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Curiously, I find it easier to canter on Riley’s weakest rein.

This week was spent working mainly on my position.  Much of Tuesday’s lesson with Emma focused on walking and trotting Riley without stirrups, followed on Wednesday by a ridden lunge lesson without stirrups and with my reins tied.  I cantered on the lunge with one hand holding the saddle and the other loosely by my side. Curiously, I always find it easier to canter on Riley’s weakest rein.

Riley’s canter stride seemed more lengthened than usual

Riley and I hacking along the lane on the farm estate
Riley and I hacking along the lane on the farm estate
Emma schooled him twice during the week and her ride on Thursday consisted of lots of canter work.  As I watched on, I noticed Riley’s canter stride seemed more lengthened than usual.  After the schooling session I remarked to Emma about how much canter he had done and the lengthening.  Her response was that she had been working on that during the ride and it would play a part in what she had planned for me the next day. As you can imagine, this last remark left me feeling rather anxious and I approached the following day’s lesson with some trepidation.

On Friday, just before I was about to mount for our lesson, Emma asked that I shorten Riley’s stirrups and we spent much of the lesson in jockey position trotting and cantering. Once the lesson ended, I felt that a short hack would be lovely for Riley and me, so we headed off to an open field with the idea that I might also have a canter so that we could practice what we had just done, particularly since my stirrups were still short. Unfortunately, as we arrived at the field there was another horse being long reined, so I decided against it, and instead we had a trot.

“You can do this”

Riley and Sharon riding through a water feature
A shared moment of triumph as we wade through the water together. It’s a moment I will treasure
With last week’s pond debacle such a recent memory, you could be forgiven for wondering why I would consider it a good idea to try it on my own all over again.  Sensing a wave of bravery, I told myself “You can do this”, and courageously decided to get into the water with Riley, and this time on horseback.  So off we went. At the top of the sloped entrance to the pond, there was much discussion between Riley and I as he kept spinning around and trying to walk in the opposite direction. I held my nerve and gently but determinedly, refused to let him walk away, and kept turning him back to face the slope and walk forward until he began to sense that I was not for turning back.

Eventually, and with much encouragement, we made our way down the slope and into the water with me sitting firmly on Riley’s back.  I didn’t make him wade in too far as I felt just being in the water was enough for one day, and I was proud of him for achieving that much.

Riley decided to make his own bid for freedom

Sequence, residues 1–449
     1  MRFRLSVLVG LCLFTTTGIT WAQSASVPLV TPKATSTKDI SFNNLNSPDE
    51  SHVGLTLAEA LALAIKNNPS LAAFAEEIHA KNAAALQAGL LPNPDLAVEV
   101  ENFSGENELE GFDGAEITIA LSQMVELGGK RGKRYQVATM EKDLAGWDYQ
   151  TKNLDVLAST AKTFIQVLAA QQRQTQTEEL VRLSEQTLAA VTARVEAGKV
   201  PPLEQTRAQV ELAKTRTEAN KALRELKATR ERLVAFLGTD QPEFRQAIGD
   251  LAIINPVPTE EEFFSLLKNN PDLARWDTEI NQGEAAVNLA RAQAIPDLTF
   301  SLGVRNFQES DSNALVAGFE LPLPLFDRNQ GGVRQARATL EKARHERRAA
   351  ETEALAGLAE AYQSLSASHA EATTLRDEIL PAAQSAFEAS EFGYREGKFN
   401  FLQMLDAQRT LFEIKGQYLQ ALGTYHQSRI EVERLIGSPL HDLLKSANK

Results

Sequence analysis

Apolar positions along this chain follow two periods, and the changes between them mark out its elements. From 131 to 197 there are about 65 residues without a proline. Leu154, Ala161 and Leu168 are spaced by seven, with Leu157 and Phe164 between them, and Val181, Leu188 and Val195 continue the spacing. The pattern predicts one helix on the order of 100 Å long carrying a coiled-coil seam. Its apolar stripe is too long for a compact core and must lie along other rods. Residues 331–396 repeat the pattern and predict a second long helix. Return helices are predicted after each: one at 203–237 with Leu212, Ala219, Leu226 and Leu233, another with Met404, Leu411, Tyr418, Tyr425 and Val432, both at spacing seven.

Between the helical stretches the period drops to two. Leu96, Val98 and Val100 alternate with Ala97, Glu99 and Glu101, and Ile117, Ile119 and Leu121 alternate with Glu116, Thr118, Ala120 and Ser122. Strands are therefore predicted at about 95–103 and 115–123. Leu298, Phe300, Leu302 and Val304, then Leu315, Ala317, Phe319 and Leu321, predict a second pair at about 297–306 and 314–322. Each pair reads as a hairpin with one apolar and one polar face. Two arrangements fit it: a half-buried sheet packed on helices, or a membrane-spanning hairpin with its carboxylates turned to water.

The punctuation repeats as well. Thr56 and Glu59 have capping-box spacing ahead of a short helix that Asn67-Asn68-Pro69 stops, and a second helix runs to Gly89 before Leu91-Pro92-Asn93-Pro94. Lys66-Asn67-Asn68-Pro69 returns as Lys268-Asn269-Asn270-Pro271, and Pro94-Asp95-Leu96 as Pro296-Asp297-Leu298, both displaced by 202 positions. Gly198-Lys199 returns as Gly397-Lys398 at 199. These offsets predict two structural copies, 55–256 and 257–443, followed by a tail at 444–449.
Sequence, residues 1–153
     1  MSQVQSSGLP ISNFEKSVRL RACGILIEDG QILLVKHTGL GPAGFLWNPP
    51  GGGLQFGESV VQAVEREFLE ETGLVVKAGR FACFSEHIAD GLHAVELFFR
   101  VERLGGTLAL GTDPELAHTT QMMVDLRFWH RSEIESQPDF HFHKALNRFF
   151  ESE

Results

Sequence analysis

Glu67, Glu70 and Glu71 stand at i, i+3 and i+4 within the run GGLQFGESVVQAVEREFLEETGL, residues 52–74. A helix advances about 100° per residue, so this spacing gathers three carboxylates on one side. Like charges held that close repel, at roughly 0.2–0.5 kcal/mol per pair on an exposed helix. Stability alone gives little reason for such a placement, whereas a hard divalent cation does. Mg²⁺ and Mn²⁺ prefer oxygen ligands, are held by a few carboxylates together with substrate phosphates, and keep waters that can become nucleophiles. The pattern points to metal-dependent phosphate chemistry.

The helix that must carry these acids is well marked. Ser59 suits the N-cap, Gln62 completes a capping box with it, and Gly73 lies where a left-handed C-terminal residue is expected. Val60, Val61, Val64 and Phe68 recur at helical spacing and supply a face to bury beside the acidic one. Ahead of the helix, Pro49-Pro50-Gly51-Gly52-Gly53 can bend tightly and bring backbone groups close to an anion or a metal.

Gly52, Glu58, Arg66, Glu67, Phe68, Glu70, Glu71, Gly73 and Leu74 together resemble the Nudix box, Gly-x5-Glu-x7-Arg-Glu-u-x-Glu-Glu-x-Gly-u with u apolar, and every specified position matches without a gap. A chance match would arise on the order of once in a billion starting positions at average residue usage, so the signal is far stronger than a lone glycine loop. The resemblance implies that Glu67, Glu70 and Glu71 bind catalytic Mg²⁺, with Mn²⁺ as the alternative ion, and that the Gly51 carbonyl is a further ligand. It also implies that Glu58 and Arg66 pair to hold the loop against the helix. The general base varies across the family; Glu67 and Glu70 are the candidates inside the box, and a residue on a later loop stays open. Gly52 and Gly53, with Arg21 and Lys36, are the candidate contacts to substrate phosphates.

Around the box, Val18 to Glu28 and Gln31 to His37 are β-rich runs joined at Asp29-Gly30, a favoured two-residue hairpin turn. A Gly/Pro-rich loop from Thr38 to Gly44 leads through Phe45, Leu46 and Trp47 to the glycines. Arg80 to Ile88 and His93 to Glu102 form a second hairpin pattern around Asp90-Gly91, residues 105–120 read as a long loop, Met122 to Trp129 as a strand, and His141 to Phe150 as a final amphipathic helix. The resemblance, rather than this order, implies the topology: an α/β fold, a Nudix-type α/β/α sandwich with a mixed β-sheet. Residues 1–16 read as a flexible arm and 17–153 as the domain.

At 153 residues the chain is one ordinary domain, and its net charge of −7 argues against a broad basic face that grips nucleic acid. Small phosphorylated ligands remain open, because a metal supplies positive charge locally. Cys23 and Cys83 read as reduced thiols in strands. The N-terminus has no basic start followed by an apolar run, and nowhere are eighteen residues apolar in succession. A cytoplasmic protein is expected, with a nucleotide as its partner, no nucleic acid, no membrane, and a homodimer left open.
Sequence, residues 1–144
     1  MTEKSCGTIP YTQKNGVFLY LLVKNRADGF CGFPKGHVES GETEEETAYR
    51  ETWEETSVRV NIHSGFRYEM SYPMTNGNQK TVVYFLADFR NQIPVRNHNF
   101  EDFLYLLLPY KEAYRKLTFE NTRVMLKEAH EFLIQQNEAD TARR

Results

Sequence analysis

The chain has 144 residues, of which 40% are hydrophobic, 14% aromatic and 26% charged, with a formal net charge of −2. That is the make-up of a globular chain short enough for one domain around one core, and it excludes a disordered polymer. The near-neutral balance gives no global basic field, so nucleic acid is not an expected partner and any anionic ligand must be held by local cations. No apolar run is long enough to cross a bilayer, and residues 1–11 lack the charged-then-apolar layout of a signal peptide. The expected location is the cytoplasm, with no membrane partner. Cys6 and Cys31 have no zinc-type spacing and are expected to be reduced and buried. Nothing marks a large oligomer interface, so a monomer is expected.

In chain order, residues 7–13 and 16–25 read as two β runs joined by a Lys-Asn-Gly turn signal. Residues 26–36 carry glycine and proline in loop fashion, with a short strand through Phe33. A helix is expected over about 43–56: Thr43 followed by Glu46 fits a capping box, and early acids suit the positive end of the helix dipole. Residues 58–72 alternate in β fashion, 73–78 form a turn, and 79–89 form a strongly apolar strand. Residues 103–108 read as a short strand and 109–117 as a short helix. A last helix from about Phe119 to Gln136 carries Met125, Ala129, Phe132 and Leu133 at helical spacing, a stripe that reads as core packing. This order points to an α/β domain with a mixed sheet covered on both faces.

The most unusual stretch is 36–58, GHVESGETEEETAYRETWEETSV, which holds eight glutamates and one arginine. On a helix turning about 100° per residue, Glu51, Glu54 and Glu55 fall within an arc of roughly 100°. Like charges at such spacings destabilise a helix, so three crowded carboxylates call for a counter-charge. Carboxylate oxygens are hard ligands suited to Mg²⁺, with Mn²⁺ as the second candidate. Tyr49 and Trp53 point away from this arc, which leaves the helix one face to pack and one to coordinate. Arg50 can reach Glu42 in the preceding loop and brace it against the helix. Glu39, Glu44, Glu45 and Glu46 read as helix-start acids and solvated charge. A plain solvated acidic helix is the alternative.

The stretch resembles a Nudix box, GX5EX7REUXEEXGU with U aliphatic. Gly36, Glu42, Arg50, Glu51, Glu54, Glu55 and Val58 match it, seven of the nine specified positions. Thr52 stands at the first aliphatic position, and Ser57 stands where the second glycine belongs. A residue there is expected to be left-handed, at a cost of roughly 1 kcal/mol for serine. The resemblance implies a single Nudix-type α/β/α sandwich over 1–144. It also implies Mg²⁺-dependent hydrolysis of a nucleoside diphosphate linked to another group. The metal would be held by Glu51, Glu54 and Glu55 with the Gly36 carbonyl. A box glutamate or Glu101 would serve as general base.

Afterwards we took what I thought would be a gentle stroll back to the yard and were only a minute or so away from Riley’s stable when I saw an escaped horse from the other yard, galloping towards us.  In that moment I decided the best course of action was to jump off Riley, and position him and myself to one side. My idea was to keep Riley calm, and hopefully attempt to slow the oncoming horse down.  I did jump off, although that is where my carefully considered plan ended because as soon as the said horse galloped by, Riley panicked, and in the ensuing melee, I lost hold of his reins and Riley decided that his best course of action would be to make his own bid for freedom and so galloped away after the loose horse.  
Riley and Sharon riding out of the pond
A joyful departure from the pond. I felt so proud of Riley, I could have burst.
Now, the dirt lane that we were on, although part of the farm estate, is also used by cars that come onto the estate and at that moment, one was coming towards us. Fortunately, the driver realised what was happening and came to a stop. Happily, the vehicle stopped where the lane forks and coincidentally blocked the main access towards the road. This meant that the loose horse had no option but veer away from the car ahead and took the fork which headed directly back towards his stable yard and safety. Riley must have concluded that freedom wasn’t on the cards today and that he didn’t need to run any further, so he stopped not too far away from me. I was quickly able to catch Riley and headed back to our yard which is just a few yards away from the main one where the loose horse had returned to. I was surprised at how calm I felt and whilst I wouldn’t ever want a repeat of the incident, I feel that I have gained some valuable experience and would be better able to cope should anything similar happen again.

We waded in triumphantly

On Saturday there wasn’t any schooling planned; just a relaxing hack, and with the success of the pond experience the day before, I was minded to try again.  Once again there was a disagreement with Riley at the top of the slope and also part way down towards the water, which didn’t help my hill phobia one bit, and I will admit to a moment of panic.  On the other side of that however, we were in the water and this time we waded in triumphantly almost to the far end of the pond.  Our first proper water experience together and complete pride in my little pony. We ended the week with a day of rest, well for Riley at least as I still had to muck out!

If you enjoyed reading this, you can catch up on earlier instalments of the life of Riley here    
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Sharon Howe

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